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Eco Edits for the Holiday Season

Written by Jess Reeves | Thursday, 22 November 2018

natural health

We've compiled the following eco edits to your holiday traditions that will make sure you have a very green Christmas.

One of the merriest times of the year can also be one of the most wasteful times. The festive season is a time for coming together with our loved ones to celebrate and spread some joy – So let's not forget joy to the world.

Drinking straws:Say no to a straw in your drink when you're at those Christmas parties or, better yet bring your own reusable straw.

If you have a friend or family member who’s just not ready to give up straws, give the gift that keeps on giving back to the environment. Gifting reusable straws, whether they're bamboo or stainless steel, are a great stocking stuffer for Christmas.

BYO Shopping Bags:Hopefully bringing along the reusable shopping bags has become a habit. Australia alone uses around 3.6 billion plastic shopping bags a year! Remembering your bags when you're out doing your Christmas shopping, whether it’s shopping for toys or the turkey, it’s the best way to prevent those pesky plastic bags ending up as landfill.

Gift an experience, DIY or even secondhand:When it comes to presents have you considered giving your presence? Gifting a family experience is one way to avoid buying gifts that may not last, be wanted or needed just for the sake of the season. 

For those bigger gifts, such as bikes, children’s toys, that set of golf clubs for Dad or a KitchenAid for Mum, try shopping on eBay, Facebook Marketplace, Gumtree and even thrift stores. The bidding and bargaining can be part of the fun, plus you can score near new items for less than half the price. Not only will you be kind to the environment but to your pockets as well.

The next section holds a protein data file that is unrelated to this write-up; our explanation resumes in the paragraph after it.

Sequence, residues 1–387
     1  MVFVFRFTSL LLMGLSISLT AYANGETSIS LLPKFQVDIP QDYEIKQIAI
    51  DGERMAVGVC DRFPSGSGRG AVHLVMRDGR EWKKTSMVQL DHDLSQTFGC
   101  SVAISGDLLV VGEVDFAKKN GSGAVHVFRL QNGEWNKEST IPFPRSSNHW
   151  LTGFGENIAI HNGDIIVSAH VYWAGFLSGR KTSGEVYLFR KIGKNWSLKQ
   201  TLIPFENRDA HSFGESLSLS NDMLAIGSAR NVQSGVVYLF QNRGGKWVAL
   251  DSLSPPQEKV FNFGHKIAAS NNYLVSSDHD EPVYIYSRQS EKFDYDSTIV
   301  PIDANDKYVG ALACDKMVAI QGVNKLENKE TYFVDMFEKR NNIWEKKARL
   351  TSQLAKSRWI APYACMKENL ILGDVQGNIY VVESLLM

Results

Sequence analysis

Buying local and fair-trade:If you’re keen to buy individual gifts, plan ahead and shop locally. There are many popular eco-friendly businesses around, they may cost a little extra but the sale of local and Fairtrade goods contributes to the local economy, whether it’s your local community or a developing world.

That's a wrap on wrapping:A huge contributor to waste during the holiday period is wrapping paper. With the equivalent of approximately 50,000 trees or more than 8,000 tonnes being used each year, it's time to start being smart about wrapping those presents.

Popping your presents in reusable gift boxes or bags is much better for the planet. If you just can't go without gift wrapping opt for recycled paper and avoid adding plastic tape, ribbons and bows. Another handy tip to keep in mind is that gummed paper tape is the only 100% recyclable and biodegradable table. Hemp twine is also another great eco option when it comes to gift wrapping.

Food waste:Consider a couple of important things when it comes to the holiday feast, buy fresh and DIY.

Your local farmers' markets are one of the best places to shop if you want organic, plastic-free fresh seafood, meat, fruit and vegetables. Take your own reusable bags and containers along when you shop. There are times when it’s hard to avoid packaging but avoiding packaged goods where you can significantly reduce your household waste this silly season. Shopping for ingredients at bulk food stores and making your own treats and snacks is another eco-friendly way to enjoy great food while caring for the environment.

It’s estimated that every piece of plastic ever made will take anywhere from 20 to 1000 years to break down and 6.4 million tonnes ends up in the ocean every year! This silly season switch single-use plastic items in favour of reusable, plastic-free options for the sake of our environment.

Have a very green Christmas and a plastic-free New Year!

Jess Reeves

Currently studying aBachelor of Health Science (Acupuncture), Jess is in the midst of balancing a career in marketing with pursuing her new career in acupuncture. Outside of work and study, Jess spends her time practicing yoga, cooking up delicious vegan meals, flying through the clouds (skydiving), and op shopping.

Read more by Jess Reeves